In order to sample this signal and prevent the loss of any information, the signal must be sampled at, or greater than, a rate twice the maximum bandwidth, . This is known as the Nyquist rate of the signal. If a signal is sampled at a frequency of , then any frequencies lower than may be aliased, that is, they may show up as artificial frequencies. This is known as the Nyquist frequency of the sampling system. Recall that , which produces a copy of the frequency response at every impulse, that is, at at spacing of in the frequency domain. When , then overlapping occurs between the copies of . The superposition principle tells us that the frequency response at these overlaps will be summed, introducing an artificial frequency response. Since the frequency domain representation is symmetric about the origin () the sampling frequency must be twice as large as in order to prevent any overlap. The green waveform in Figure 1 represents a frequency greater than that was aliased to a lower frequency. Figure 2 shows two sinusoids, if the signal is sampled at the orange points the two sinusoids are indistinguishable because the frequency of the green sinusoid is greater than the Nyquist rate.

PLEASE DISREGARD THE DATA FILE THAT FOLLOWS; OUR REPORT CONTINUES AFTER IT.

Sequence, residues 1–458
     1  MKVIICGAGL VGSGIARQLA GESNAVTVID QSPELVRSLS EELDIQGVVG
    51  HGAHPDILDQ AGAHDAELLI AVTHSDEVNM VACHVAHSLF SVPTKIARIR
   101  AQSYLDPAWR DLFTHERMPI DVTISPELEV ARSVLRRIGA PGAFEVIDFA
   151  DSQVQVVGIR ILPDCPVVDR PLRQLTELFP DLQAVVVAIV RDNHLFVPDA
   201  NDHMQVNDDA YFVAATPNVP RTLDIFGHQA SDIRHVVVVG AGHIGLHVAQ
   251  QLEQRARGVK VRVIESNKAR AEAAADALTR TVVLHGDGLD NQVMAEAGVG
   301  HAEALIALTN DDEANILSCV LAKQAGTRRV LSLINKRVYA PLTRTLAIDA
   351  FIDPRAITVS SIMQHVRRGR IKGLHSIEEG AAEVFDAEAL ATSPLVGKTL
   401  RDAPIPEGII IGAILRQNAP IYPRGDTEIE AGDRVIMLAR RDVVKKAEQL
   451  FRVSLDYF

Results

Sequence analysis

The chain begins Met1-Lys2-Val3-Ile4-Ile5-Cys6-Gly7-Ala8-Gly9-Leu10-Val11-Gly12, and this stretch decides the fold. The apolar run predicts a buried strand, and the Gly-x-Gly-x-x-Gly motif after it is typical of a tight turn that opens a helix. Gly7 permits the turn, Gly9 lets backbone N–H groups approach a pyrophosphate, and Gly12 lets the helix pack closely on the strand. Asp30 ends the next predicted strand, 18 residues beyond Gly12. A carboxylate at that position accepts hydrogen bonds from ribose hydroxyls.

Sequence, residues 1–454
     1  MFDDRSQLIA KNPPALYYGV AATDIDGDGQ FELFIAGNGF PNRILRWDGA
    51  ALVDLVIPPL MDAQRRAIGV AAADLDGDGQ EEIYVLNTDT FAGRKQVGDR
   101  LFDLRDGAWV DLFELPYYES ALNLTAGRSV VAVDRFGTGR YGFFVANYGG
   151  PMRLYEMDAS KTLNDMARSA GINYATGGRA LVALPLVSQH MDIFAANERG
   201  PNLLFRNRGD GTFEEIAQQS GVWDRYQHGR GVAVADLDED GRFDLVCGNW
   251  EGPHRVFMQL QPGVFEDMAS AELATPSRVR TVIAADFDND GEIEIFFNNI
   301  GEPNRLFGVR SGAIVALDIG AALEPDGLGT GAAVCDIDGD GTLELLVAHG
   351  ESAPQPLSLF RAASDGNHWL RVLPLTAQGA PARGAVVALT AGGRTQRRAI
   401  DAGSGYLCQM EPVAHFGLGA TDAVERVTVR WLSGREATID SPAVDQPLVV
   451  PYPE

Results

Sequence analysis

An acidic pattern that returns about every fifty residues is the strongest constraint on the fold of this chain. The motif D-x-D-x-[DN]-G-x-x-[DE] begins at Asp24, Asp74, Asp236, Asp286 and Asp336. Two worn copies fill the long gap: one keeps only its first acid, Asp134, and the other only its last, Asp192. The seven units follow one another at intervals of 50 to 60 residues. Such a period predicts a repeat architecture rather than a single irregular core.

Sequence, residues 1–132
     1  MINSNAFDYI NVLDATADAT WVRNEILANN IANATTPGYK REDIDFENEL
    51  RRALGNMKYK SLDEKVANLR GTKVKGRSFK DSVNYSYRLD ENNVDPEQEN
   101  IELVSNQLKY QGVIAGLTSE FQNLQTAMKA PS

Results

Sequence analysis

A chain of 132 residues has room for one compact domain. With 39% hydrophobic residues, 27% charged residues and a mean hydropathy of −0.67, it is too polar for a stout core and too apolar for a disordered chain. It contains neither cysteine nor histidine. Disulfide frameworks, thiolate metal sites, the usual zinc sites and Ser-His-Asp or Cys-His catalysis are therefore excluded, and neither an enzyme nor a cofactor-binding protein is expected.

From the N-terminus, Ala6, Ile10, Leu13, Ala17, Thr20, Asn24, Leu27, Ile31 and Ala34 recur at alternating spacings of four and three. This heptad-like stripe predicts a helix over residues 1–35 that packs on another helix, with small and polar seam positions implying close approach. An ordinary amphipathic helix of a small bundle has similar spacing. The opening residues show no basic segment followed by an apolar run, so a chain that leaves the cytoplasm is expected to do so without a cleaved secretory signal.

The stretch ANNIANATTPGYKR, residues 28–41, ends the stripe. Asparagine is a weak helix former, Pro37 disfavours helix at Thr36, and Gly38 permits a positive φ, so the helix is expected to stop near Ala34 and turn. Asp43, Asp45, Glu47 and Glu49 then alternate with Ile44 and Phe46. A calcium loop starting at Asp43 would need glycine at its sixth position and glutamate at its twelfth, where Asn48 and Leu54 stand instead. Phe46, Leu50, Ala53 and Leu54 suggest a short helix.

If the sampling is done at a rate greater than the Nyquist rate, then the no information is lost and the continuous-time signal can be fully reconstructed from the discrete-time signal. In order to reconstruct the continuous-time signal from the discrete-time signal we want to extract a copy of the frequency response and do an inverse Fourier transform. Remember that convolving with the impulse train created copies of the frequency response at each impulse. We only want one copy of the frequency response, so we want to multiply by a rectangular window with unit height on the interval and 0 everywhere else, referred to as the ideal reconstruction filter. This is equivalent to convolving the impulse response in the spatial domain with the spatial representation of the ideal reconstruction filter, referred to as the ideal sync, shown in Figure 3.